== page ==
March 14, 1955
Appeal, No. 174, Jan. T., 1954, from judgment of Court of Common Pleas No. 5 of Philadelphia County, June T., 1952, No. 4601, in case of Perry Whitfield v. Reading Company. Judgment affirmed.
Milford J. Meyer, with him R. Lawrence Clay, and Meyer, Lasch, Hankin & Poul, for appellant.
W. Heyward Myers, Jr., with him Henry R. Heebner, and Morgan, Lewis & Bockius, for appellee.
Before Stern, C.j., Stearne, Jones, Bell, Chidsey and Musmanno, JJ.
[ 380 Pa. Page 567]
OPINION PER CURIAM
At the trial of this action for damages for personal injury, the jury returned a verdict for the defendant whereon judgment was entered after the plaintiff's motion for a new trial had been denied. We affirm the judgment on the following excerpts from the opinion of President Judge LEWIS for the court en banc, which correctly and adequately disposed of the contentions which the plaintiff renews on this appeal.
"Plaintiff brought this action against defendant corporation to recover damages for personal injuries. At the trial, plaintiff testified that he had been for many years employed at the industrial establishment of Crown Paper Mill Company located on the North-east corner of Delaware Avenue and Tasker Street in Philadelphia, where he was a night worker; that on November 29, 1950, he finished work at 7:00 A.M. and, pursuant to custom, started to cross Delaware Avenue
[ 380 Pa. Page 568]
at Tasker Street on his way to board a bus at Front and Tasker Streets. He stated that his path was blocked by a freight train that was running North on Delaware Avenue, so he stopped to await the passing of the train. He was standing in the cartway of the very wide commercial highway, which was paved with cobblestones, when he saw a large truck, a tractor-trailer combination, 'come up' going north at 'about fifty or fifty-five miles an hour' and headed toward him. He stepped 'up one or two steps nearer the train so that this truck would have more room to pass by' him, and when he was still standing waiting for the end of the train, he saw 'this bar' sticking all the way out past the side of the freight train and so close to him that he 'couldn't do nothing about it, couldn't get out of the way or do anything before this bar caught' him by the belt of his coat and knocked him down. The bar was described as an uncoupling lever. Plaintiff was thrown under the train, with the result that his left arm was amputated near the shoulder by the cars.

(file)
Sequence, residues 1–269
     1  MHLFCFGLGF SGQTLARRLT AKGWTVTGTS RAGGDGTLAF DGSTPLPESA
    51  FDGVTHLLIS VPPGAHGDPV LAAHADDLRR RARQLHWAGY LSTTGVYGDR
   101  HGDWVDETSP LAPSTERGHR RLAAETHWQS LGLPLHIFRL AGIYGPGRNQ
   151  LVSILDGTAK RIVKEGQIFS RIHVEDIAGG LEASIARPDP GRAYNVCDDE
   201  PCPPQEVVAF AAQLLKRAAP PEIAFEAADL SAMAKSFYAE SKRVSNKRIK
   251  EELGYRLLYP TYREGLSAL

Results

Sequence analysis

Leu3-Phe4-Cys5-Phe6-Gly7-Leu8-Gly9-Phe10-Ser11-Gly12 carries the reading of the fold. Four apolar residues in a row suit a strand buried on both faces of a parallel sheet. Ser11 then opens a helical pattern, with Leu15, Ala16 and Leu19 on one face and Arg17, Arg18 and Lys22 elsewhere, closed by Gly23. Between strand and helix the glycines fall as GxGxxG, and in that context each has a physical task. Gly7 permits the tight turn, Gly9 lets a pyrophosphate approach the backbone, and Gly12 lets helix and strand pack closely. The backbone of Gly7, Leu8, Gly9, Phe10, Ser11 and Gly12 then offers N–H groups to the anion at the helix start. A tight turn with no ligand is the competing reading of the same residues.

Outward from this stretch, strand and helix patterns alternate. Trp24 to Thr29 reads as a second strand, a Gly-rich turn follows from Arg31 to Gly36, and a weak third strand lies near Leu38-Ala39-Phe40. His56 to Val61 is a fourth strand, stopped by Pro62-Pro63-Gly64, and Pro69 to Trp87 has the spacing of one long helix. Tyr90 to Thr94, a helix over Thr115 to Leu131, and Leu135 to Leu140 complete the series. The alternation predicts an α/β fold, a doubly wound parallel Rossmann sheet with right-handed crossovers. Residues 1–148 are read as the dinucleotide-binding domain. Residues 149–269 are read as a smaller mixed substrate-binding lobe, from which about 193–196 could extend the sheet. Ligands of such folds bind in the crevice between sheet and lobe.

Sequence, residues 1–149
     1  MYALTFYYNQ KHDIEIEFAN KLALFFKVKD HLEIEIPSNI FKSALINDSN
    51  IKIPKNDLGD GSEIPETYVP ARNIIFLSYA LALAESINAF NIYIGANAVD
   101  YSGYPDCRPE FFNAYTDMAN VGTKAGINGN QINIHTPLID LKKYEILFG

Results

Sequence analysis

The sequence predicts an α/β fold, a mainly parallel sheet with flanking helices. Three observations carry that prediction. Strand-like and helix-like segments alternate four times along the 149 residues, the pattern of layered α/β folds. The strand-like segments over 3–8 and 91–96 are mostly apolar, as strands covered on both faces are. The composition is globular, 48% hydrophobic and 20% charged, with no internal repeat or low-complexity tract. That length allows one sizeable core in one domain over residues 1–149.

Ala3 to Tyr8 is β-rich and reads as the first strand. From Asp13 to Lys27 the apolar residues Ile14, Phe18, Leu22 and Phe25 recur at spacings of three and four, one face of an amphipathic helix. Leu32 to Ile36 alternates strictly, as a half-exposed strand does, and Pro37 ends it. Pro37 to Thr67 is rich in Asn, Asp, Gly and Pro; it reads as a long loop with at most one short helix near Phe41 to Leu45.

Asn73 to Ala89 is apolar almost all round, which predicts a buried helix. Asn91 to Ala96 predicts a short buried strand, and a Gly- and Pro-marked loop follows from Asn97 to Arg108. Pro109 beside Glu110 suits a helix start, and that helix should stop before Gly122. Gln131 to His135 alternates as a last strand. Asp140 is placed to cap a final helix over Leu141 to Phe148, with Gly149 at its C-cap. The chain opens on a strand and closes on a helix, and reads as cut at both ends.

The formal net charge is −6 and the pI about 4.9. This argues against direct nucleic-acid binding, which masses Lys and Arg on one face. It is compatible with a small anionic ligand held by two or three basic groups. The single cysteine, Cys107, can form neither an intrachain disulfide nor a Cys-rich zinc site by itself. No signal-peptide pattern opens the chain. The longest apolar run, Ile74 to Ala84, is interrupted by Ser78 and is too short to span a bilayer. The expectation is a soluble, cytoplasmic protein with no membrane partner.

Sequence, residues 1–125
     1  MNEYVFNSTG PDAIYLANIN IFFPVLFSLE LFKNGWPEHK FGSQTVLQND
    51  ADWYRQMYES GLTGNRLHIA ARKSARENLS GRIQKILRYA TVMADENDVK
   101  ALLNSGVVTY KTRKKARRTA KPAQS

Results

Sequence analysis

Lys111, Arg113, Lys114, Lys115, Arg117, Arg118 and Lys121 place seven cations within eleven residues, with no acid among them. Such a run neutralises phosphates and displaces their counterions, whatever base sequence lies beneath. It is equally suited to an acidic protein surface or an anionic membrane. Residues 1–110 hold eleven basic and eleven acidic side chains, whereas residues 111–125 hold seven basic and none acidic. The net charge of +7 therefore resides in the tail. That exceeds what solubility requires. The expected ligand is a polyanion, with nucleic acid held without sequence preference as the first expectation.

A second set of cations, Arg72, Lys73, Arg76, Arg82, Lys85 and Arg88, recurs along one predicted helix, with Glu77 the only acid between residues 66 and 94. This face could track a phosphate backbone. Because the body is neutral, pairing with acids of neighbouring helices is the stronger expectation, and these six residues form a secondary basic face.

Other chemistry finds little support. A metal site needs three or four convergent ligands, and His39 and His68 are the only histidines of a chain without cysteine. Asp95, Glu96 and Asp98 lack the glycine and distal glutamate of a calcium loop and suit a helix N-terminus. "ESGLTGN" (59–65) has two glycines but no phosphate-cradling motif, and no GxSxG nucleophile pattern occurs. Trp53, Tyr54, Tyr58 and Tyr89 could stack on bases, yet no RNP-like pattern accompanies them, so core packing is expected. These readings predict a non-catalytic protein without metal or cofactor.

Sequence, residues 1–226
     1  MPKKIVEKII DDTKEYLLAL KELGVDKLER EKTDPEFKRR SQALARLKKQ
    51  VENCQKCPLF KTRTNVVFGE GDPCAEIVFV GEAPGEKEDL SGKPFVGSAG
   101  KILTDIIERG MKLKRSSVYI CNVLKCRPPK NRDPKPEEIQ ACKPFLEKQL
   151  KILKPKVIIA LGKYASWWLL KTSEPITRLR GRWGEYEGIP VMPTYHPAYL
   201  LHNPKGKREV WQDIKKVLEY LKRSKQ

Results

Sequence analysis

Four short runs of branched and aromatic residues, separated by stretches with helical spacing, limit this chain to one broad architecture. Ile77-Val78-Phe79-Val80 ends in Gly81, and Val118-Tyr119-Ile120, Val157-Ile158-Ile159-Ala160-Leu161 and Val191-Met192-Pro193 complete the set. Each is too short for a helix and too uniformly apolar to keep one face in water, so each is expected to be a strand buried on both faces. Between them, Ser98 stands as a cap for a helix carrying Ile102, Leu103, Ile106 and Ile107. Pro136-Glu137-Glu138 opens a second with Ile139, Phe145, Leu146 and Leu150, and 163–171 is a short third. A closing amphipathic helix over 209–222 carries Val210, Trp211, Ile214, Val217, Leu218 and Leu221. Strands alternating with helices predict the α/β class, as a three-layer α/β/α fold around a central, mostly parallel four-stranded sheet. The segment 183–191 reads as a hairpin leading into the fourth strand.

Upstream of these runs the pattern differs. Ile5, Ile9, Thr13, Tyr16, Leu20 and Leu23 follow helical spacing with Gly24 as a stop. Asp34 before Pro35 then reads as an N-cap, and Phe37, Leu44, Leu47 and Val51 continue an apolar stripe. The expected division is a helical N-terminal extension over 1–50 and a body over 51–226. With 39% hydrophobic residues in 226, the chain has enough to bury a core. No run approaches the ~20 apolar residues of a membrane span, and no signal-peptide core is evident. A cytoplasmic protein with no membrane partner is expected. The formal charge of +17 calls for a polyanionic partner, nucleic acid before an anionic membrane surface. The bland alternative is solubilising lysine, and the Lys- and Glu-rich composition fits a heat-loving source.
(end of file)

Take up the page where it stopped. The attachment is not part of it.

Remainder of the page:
"Testimony was given describing the customary location of uncoupling levers on cars of different types, which evidence indicated that when in proper position the uncoupling lever does not project beyond the side of the railroad car but terminates several inches inside of the outer edge of the car. The inference, therefore, was that there was a defective condition of the uncoupling lever and that the railroad company was negligent in permitting this defect to exist on a car forming part of a train proceeding on a public highway.
"However, plaintiff was cross examined with respect to a statement made by him on December 13, 1950 (two weeks after the accident) at the Mr. Sinai Hospital, when plaintiff was interviewed by a representative of the railroad who was accompanied by a
[ 380 Pa. Page 569]
stenographer who recorded the questions and answers, and then transcribed his notes, which were produced at the trial. Plaintiff said he remembered some men coming to the hospital, but did not think it was just before he left (December 14, 1950); he denied any recollection of various statements which he was recorded as having made with reference to the manner of occurrence of his injury.
"For the defendant, G. W. Lore, of the Claim Department of the Pennsylvania Railroad, testified that he went to the Mt. Sinai Hospital on December 13, 1950, and questioned plaintiff about the accident, and had a Mr. Blumberg, an official reporter for the United States District Court, take notes of everything said. Mr. Blumberg testified that he recorded all questions and answers stenographically and made a typewritten transcript, which was received in evidence. In this statement plaintiff is recorded as having said that he was waiting for a train to pass on Delaware Avenue; that he then saw a tractor-trailer truck coming right at him; from the way it was being driven plaintiff thought that the driver was intoxicated; when the truck was within twenty-five or thirty feet from him he tried to get out of the way; 'I was standing still until the truck came, then I jumped aside, just like you would try to do'; 'If I had not got away there, that truck would have hit me and knocked me under there and killed me. I didn't have no place at all to see what I did ...'; 'When I stepped on the side that time, I stepped down to the train, the train hit me, the car box hit me.' No mention was made of any protruding bar or lever.
"The plaintiff was asked the direct question: 'What part of the train was it that struck you?' His reply was: 'What struck me? The Corner part of it. When it hitted me, knocked me right up under there where the
[ 380 Pa. Page 570]